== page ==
Abstract: This paper discusses the Federal Reserve's new framework and highlights some important policy implications that flow from the revised consensus statement and the new strategy. In particular, it first discusses the factors that motivated the Federal Reserve in November 2018 to announce it would undertake in 2019 the first-ever public review of its monetary policy strategy, tools, and communication practices. It then considers the major findings of the review as codified in our new Statement on Longer-Run Goals and Monetary Policy Strategy and highlights some important policy implications that flow from them.
    Keywords: FOMC; Monetary policy
    Date: 2022–01–13
  34. By: Edmond Berisha (Feliciano School of Business, Montclair State University, Montclair, NJ 07043); Orkideh Gharehgozli (Feliciano School of Business, Montclair State University, Montclair, NJ 07043); Rangan Gupta (Department of Economics, University of Pretoria, Private Bag X20, Hatfield 0028, South Africa)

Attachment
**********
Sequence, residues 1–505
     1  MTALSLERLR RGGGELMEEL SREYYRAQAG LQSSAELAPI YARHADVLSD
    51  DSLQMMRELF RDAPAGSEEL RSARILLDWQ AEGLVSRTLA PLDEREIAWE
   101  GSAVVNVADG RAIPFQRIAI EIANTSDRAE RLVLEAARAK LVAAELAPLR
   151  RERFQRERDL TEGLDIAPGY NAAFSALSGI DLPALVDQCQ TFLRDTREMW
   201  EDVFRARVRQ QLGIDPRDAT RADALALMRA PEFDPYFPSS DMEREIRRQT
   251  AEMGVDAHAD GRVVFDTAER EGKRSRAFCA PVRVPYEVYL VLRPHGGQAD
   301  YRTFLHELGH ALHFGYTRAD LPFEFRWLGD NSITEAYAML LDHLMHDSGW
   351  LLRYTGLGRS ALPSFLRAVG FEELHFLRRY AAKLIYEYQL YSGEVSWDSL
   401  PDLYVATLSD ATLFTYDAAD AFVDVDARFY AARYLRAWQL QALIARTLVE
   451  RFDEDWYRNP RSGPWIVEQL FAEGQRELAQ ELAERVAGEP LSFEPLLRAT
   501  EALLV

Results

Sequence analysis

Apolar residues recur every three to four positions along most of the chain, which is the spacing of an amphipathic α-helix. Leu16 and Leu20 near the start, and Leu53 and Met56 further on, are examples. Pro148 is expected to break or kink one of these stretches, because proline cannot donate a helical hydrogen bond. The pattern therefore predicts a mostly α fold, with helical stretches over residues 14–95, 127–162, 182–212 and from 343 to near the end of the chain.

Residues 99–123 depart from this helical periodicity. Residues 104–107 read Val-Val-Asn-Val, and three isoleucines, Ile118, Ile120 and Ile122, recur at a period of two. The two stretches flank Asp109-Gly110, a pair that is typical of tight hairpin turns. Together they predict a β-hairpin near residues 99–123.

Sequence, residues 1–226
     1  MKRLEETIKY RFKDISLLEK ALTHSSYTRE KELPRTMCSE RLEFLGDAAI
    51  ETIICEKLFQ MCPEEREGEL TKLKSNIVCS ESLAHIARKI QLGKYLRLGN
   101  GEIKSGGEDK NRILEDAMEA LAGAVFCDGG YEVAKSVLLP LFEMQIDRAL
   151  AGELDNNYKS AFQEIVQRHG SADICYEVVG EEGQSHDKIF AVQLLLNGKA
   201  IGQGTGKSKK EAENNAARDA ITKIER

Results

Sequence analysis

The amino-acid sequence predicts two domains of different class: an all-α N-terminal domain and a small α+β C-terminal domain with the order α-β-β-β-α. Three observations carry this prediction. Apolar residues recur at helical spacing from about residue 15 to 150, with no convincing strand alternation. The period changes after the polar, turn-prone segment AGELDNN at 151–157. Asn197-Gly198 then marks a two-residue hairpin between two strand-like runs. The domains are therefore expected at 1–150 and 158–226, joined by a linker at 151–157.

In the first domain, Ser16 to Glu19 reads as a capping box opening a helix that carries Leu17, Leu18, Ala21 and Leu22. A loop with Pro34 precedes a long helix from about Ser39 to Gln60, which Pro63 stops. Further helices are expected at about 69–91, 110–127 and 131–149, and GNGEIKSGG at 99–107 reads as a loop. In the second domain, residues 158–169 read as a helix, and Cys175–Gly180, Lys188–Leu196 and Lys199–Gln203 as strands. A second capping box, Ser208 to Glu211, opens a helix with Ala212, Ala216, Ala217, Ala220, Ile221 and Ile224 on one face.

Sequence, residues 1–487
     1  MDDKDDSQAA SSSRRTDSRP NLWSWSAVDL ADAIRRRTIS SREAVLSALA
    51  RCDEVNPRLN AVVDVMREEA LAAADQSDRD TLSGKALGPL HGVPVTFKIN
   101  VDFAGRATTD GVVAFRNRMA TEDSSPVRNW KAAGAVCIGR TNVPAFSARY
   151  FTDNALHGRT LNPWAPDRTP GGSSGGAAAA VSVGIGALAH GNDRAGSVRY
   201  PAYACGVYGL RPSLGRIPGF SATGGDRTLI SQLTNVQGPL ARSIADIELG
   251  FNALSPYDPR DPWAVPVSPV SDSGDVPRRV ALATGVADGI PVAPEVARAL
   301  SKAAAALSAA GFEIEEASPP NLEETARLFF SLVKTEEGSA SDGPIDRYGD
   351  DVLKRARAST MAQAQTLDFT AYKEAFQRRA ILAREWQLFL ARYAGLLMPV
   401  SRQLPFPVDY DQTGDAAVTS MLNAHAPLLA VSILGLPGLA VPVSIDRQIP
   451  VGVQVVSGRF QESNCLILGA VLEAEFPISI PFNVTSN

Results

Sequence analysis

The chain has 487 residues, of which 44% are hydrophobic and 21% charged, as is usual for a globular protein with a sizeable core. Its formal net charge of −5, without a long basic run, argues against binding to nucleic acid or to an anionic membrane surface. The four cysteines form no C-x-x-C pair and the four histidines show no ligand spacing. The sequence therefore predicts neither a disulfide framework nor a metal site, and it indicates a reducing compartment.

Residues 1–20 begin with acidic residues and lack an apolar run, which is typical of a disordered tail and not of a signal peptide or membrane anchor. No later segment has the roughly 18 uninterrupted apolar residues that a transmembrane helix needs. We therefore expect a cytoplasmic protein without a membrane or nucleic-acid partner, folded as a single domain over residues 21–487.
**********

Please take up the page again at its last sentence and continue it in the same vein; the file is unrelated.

Abstract: US economy is facing inflation jump, which is running at 30 year high. Using inequality and inflation data that are available at a high frequency, i.e. on a quarterly basis for over 30 years, we find evidence that inflation causes swings in income distribution rapidly. The dynamic response of inequality to changes in inflation alters over a fourquarter period. We show that the contemporaneous impact of inflation on inequality is negative; however, after three quarters the impact becomes positive and stronger in magnitude. From our results we learn that over a one year period, higher inflation would exacerbate income inequality in USA. The positive impact of inflation on income inequality is stronger when inflation rate, initially, is above the sample average.
    Keywords: Inflation, Inequality, United States
    JEL: D60 O40 O50
    Date: 2022–01
  35. By: Mäki-Fränti, Petri; Silvo, Aino; Gulan, Adam; Kilponen, Juha